As you come out of hibernation this spring, Braiding Sweetgrass is the book to read to reawaken your relationship with the land. Through delicious sentences and a slow reverence for the natural world, Robin Wall Kimmerer shares indigenous wisdom about ecology in this series of essays and stories. She is at once poet, storyteller, botanist, observer, student, teacher, and mother. And it is this pairing of scientific detail and poetic verse that kept me turning the pages. Kimmerer writes, “On a day like this, when the fiddleheads are unfurling and the air is petal soft, I am awash in longing. I know that ‘though shalt not covet thy neighbor’s chloroplasts’ is good advice and yet I must confess to full-blown chlorophyll envy.” See what I mean?
Over the course of this year, Midwest Food Connection staff has read several chapters from Braiding Sweetgrass for our book club. Already, her writing has influenced our teaching. At the start of our Middle School lesson on Sugar Sweetened Beverages, we now tell the story of Nanabozho, the Anishinaabe Original Man, and how it came to be that maple sap flows from the trees like water, requiring hard work to boil it into syrup. The indigenous practice of growing the Three Sisters comes up in many of our lessons, from Bountiful Beans to Gifts of Grain. Our students can tell you how corn supports the bean tendrils, how beans fix the nitrogen in the soil for squash, who crawls out over the ground to prevent weeds and retain water. Her language of “mutual flourishing” infuses our daily teaching, as we learn with our students about how best to care for the plants and animals that sustain us.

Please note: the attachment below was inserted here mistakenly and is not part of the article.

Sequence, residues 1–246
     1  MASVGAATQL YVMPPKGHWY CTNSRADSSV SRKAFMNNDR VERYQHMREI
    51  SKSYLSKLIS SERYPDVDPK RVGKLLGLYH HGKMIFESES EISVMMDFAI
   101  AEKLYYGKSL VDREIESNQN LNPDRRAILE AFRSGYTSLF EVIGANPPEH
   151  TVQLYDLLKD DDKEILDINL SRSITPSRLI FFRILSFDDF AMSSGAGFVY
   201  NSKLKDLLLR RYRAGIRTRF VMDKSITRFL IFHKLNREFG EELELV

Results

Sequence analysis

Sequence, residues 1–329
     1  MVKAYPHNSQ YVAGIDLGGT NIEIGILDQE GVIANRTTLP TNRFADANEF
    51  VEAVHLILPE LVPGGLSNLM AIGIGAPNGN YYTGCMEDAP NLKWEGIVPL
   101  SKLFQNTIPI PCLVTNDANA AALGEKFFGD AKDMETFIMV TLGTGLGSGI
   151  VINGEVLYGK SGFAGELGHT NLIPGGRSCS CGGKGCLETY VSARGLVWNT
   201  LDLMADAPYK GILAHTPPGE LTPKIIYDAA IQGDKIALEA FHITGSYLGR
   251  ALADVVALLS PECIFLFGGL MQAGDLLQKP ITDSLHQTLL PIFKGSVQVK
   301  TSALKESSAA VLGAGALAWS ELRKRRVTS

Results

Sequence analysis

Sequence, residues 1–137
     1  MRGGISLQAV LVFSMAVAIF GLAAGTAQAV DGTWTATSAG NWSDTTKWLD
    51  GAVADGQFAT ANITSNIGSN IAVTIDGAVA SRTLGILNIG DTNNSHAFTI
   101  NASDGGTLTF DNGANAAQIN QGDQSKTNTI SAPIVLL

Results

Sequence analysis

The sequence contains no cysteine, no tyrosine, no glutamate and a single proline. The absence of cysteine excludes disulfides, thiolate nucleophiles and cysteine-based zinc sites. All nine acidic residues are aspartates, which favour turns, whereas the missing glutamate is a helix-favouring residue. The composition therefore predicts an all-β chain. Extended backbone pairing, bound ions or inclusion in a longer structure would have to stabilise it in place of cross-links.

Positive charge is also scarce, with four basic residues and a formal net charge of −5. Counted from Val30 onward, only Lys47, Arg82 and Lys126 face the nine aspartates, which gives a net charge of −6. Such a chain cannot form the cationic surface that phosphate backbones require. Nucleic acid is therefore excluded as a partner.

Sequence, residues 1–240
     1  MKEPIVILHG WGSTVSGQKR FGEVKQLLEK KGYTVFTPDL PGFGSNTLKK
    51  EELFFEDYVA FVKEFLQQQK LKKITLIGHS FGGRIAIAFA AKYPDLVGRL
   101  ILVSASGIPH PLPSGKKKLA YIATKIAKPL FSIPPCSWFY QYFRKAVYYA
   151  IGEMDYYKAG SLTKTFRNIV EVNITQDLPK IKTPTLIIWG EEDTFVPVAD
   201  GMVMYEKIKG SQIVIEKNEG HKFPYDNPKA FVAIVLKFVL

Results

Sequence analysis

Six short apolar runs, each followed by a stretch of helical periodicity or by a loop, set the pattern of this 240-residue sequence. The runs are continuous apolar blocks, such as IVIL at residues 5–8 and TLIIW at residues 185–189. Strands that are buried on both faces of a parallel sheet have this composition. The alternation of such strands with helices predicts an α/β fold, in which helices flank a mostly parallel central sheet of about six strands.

This spring, I look forward to bringing the teachings of the Honorable Harvest to my students in the garden. Kimmerer explains the Honorable Harvest as “the indigenous canon of principles and practices that govern the exchange of life for life.” These guidelines are taught, not written down. They are a daily practice that involve knowing “the ways of the ones who take care of you, so that you may take care of them.” This practice asks you to introduce yourself to the plant or being you harvest, to ask permission before taking, to take only what you need and never more than half, to use it respectfully, to share, and to give a gift in return. “Sustain the ones who sustain you,” Kimmerer writes, “and the earth will last forever.”
Braiding Sweetgrass has become one of the few books that I reference often, searching for that amazing story about why yellow and purple flowers grow together or how pecan trees communicate. My hope is that the more I read these words, the more I intuit the lessons. And the better I am able to teach kindness and reciprocity.
Want to learn more?
Listen to Kimmerer’s wonderful conversation with Krista Tippet.
Come to this free event in Minneapolis to hear Kimmerer in conversation with Heid E. Erdrich.